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Favourite lunchbox ideas

Cheese and mayonnaise. I look back on my years in primary school and remember my daily school lunch request of cheddar cheese cubes drizzled with mayonnaise. That’s all I wanted for lunch, every day of the week. Perhaps because of my dislike towards soggy bread, which so often happened when the mayonnaise sat for too long in the sun because I’d throw my bag before even reaching the classroom door to run off and play dodge ball. Of course Mum would add a Vegemite sandwich (wasn’t this a staple for every kid in Australia?), an apple ‘from paddock to plate‘ style picked from our fruit trees in the orchard, a muesli bar and on Fridays, a packet of Cheezels; you know the small packs that come in those family size bags.

Source: From Paddock to Plate Food Waste Virtual Video Excursion

I always wondered why nobody wanted to swap their lunch with me at school. Not that there was any chance I would have traded my beloved cheese cubes anyway. It was only when we went to film the wonderful students and teachers at Monbulk Primary School in Victoria for inclusion in our From Paddock to Plate Food Waste Virtual Video Excursion (two decades later!), that I realised all the delicious lunchbox options I’d missed out on growing up because I demanded cheese cubes. At least I was meeting my daily calcium quota.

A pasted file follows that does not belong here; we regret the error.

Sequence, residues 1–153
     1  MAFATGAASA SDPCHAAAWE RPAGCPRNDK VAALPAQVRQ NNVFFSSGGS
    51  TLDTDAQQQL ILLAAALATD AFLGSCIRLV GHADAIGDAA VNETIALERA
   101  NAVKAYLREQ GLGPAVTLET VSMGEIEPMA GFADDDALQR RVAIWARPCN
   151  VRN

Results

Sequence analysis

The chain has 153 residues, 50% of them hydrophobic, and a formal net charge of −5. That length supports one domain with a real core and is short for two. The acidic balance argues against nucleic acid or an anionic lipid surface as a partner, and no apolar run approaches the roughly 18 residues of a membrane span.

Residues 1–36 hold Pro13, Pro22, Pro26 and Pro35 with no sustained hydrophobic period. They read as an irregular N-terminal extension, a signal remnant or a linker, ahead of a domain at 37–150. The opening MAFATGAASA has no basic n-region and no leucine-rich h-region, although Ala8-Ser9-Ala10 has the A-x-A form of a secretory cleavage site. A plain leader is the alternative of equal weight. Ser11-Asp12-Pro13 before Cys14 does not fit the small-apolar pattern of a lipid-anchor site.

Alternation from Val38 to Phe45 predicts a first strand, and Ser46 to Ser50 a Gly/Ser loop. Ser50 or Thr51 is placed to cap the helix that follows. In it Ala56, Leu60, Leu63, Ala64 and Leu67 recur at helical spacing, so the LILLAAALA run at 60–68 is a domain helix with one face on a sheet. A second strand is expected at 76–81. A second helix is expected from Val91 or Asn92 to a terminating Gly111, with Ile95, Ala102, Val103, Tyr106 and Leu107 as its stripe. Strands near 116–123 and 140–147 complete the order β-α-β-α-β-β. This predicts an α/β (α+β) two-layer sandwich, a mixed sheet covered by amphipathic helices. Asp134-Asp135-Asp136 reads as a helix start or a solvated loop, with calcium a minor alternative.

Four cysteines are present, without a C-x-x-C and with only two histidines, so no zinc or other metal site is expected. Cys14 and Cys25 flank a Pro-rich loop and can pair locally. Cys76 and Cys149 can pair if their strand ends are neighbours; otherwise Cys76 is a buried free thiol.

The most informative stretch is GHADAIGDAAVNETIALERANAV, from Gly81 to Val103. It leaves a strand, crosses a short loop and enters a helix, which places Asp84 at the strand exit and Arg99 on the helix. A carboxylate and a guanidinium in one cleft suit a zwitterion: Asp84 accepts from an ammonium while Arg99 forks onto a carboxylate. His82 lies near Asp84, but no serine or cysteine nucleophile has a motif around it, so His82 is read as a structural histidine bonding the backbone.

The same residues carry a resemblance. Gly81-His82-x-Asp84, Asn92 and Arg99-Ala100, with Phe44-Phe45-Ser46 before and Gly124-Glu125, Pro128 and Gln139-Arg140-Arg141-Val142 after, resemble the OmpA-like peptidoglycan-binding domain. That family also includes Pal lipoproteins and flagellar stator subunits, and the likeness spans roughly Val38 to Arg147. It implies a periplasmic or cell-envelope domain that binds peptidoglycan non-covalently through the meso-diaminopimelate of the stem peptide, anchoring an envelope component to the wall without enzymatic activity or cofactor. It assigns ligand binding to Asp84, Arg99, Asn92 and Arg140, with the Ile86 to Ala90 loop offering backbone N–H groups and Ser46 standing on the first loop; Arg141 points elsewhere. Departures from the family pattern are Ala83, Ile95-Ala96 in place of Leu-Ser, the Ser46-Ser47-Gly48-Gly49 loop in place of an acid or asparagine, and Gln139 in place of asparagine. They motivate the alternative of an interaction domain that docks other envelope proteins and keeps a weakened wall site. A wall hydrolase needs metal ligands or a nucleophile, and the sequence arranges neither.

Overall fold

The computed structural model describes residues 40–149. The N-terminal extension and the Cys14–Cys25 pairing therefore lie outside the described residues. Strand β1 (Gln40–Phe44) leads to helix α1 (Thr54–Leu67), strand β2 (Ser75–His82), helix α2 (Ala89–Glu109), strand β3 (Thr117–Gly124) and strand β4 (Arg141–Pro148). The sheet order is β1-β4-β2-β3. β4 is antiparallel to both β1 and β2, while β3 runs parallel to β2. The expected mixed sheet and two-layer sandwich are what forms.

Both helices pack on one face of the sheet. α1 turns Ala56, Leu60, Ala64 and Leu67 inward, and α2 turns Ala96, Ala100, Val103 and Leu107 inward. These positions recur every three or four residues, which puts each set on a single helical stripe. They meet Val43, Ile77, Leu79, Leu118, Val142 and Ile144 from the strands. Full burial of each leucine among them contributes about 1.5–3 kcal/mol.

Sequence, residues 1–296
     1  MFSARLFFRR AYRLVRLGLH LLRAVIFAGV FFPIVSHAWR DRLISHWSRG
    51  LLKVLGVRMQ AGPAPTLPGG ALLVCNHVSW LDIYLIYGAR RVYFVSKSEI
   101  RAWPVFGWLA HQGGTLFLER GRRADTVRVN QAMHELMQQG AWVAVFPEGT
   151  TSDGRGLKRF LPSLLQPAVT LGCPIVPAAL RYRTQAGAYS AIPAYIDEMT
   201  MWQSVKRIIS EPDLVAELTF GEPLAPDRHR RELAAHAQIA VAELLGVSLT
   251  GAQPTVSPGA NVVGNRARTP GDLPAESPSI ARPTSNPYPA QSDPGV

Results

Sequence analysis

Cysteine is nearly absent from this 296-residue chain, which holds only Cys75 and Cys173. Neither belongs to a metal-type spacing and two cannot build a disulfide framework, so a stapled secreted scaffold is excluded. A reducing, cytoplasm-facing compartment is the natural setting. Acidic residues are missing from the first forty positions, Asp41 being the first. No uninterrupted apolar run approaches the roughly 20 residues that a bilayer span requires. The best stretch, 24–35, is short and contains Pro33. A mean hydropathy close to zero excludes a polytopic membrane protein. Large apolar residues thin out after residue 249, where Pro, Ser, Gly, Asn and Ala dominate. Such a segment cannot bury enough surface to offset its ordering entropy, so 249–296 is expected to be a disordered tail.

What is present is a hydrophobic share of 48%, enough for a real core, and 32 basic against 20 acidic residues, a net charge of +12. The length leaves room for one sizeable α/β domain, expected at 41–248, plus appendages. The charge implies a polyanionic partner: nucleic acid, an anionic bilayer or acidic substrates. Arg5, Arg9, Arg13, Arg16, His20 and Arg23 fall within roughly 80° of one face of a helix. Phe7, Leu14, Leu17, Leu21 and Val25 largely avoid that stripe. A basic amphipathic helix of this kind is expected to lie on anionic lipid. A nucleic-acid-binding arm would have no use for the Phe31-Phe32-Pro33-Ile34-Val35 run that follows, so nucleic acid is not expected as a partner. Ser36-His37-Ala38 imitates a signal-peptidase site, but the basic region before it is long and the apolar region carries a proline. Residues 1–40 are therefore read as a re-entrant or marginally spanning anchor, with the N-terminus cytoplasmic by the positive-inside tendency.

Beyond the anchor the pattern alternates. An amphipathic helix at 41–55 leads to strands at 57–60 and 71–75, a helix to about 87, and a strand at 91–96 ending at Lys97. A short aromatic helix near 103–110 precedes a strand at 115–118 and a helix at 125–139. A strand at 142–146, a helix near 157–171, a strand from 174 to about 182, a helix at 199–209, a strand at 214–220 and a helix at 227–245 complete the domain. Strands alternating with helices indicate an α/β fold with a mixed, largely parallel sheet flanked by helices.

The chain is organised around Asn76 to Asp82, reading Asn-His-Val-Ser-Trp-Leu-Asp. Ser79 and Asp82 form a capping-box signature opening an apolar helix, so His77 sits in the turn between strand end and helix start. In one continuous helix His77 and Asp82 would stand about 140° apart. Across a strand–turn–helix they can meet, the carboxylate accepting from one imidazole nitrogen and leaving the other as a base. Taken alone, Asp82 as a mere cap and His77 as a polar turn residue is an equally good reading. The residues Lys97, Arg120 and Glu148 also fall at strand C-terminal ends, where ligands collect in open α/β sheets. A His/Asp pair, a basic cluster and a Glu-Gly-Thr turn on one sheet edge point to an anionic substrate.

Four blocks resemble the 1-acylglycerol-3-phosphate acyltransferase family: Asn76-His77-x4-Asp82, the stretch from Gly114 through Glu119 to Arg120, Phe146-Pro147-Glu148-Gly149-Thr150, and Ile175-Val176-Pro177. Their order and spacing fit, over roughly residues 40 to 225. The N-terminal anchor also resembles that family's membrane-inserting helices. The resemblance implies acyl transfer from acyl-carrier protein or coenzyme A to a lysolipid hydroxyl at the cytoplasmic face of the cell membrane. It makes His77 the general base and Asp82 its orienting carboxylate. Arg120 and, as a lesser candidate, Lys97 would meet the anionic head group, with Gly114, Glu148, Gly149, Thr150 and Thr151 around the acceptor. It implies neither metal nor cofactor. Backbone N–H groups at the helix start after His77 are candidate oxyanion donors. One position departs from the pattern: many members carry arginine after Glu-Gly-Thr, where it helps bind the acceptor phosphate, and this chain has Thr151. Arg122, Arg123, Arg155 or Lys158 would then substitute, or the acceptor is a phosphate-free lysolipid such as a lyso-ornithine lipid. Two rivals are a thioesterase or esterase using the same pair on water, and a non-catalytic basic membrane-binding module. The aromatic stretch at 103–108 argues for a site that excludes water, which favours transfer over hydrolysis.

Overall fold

At Monbulk there’s not one piece of food wrapped in plastic. All recess and lunches are packed in reusable containers by parents and offer the most tasty of choices. From an array of fresh fruit (as you can see in the image), to carrots and hummus, boiled eggs, salad in lettuce cups, noodle jar salads, and little bite size frittatas with leafy greens disguised in amongst all the other flavours.

And then onto delicious sweeteners of homemade chocolate bark with cocoa and dried berries, banana muffins, carrot cake, and dried fruit. Made on a Sunday, in bulk, to last the five days of school ahead.

As the children sat eating their lunch with great enthusiasm, I spoke to them about what they loved most about their school recess and lunch menu items. “We helped make them”, was one of the most common responses. The students were involved in the lunch-making process, which appeared to give them even more gusto to enjoy the foods looking up at them from the depths of their environmentally friendly containers.

In conclusion, when it comes to favourite lunch box ideas, the key is to ask your children to help you. Who knows? That salad sandwich that was left, squished and soggy in the corner of the lunchbox yesterday, could be devoured the next.

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